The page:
|just plain uncomfortable with job search
Feb 15, 2012
Its an old question I know. Out on disability for 15 years now.At the time I became ill and was put on "emergency medical leave" and forced on cobra. Call it what you want. I was fired. Plain and simple. My meds last year alone were $38,000.00. Compliments of CDAP. What company in their right mind would hire me? I am not comfortable with omitting this huge issue in my life but I will to return to work. What is the best method for making sure they don't find out? I can be fired for lying about work history, however I will be "let go" when they find out the enormous cost of hiring me anyway. I was employee of the year at my last place of employment. So my resume looks like I went to jail or something. How does one explain this to a Human Resource director? Can I stop them from looking up previous Tax info or credit reports? Should I just wait to see what happens with health care reforms? A friend in my HIV support group jokingly says "apply for jobs everywhere and take a lawyer with you" Funny but not reasonable. Thank you for all you do for us. I really appreciate the service you provide for us and the time and energy you and the others put in to this and the other forums. Forging ahead...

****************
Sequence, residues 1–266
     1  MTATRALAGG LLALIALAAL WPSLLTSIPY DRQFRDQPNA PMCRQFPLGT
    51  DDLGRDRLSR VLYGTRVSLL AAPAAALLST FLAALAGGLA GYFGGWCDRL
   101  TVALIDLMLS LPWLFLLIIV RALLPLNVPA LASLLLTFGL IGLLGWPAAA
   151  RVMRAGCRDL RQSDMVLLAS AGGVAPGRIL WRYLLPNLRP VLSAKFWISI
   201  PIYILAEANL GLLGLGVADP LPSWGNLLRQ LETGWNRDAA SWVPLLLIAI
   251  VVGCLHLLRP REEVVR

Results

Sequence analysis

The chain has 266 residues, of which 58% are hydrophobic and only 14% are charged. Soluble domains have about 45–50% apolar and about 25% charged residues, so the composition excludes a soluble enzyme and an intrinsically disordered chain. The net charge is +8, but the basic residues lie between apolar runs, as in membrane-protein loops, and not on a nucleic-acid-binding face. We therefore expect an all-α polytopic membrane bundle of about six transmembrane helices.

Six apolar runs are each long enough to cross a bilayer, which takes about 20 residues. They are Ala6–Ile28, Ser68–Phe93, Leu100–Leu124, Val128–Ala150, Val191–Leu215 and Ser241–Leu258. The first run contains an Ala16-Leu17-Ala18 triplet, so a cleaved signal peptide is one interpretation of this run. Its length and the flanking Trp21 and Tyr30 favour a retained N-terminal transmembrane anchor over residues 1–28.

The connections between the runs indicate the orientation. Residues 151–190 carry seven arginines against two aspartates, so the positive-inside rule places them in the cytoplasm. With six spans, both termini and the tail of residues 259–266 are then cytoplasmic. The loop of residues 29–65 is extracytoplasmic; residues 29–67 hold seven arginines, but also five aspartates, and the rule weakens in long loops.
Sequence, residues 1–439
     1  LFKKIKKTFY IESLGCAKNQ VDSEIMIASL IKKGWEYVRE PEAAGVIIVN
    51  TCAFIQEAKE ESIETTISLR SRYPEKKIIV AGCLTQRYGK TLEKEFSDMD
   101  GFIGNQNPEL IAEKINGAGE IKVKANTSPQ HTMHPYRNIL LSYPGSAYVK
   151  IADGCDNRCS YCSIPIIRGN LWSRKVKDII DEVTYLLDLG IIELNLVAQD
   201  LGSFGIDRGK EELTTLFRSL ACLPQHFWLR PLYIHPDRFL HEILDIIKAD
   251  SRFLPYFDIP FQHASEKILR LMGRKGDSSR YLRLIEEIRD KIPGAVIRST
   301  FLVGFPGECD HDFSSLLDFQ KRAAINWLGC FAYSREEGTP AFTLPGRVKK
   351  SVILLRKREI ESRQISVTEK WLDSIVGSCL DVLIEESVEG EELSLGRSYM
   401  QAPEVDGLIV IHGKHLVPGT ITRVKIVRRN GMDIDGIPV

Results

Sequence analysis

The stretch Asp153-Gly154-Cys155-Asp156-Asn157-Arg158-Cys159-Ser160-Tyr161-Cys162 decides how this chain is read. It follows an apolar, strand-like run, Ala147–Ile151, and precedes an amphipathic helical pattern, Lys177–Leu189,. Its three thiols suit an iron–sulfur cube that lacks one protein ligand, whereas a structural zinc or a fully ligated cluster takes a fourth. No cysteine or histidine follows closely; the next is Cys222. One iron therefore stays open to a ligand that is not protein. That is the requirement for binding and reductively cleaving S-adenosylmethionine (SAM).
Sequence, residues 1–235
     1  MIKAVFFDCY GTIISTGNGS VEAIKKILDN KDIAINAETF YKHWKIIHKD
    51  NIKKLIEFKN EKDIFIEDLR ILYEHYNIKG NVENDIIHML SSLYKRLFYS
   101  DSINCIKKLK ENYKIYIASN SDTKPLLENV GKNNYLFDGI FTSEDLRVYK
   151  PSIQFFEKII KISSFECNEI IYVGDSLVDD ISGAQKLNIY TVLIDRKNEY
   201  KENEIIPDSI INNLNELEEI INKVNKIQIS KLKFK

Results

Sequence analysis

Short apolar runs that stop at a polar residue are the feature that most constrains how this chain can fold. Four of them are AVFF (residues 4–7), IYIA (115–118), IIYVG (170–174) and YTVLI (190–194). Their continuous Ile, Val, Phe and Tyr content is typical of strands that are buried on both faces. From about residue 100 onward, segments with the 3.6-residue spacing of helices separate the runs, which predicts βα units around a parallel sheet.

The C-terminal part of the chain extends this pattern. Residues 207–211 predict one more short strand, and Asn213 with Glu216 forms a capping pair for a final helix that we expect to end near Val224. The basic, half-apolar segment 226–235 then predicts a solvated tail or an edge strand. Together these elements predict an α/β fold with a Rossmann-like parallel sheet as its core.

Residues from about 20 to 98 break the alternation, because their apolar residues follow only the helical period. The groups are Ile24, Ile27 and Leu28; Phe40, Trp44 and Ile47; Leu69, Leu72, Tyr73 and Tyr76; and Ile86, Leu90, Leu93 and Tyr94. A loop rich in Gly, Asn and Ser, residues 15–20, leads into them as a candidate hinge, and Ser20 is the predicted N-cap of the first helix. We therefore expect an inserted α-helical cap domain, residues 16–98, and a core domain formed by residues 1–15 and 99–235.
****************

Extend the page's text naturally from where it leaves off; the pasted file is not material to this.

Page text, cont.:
| Response from Ms. Douaihy
Your friend is right in one way: you have legal rights even in applying for a job and it's important to protect them! It is actually illegal for a potential employer to ask about your HIV status in a job interview, so if they do ask you do not have to answer. However, if you do choose to disclose, as long as you are otherwise eligible for an available job, you cannot be refused the job solely due to your status. Federal and state anti-discrimination law prohibit employers for taking adverse actions against employees or potential employees who are otherwise qualified. So if you have relevant experience and are capable of performing essential functions of a job, the "cost" of employing you simply cannot play a role.
My best advice to you now is to stay persistent! Look for job openings in your field and apply, apply, apply. I'd also suggest updating your resume with any volunteer activities you engaged in during your 15 year work gap. Think creatively, and take advantage of HIV/AIDS support organizations in your area who may be able to help you with your resume. When you do succeed in getting a job, you are correct that you mustn't lie on insurance forms. But whatever you write on those forms may not be adversely used against you, to fire you or "let you go." If you believe that you were not hired solely because of your status, or fired because of it, or experience any other prejudicial treatment by a potential employer, you can file a claim of discrimination with the Equal Employment Opportunity Commission, your state Division of Human Rights or contemplate a private lawsuit. You can ask to have your job back in addition to money damages. I wish you good luck in this next chapter.
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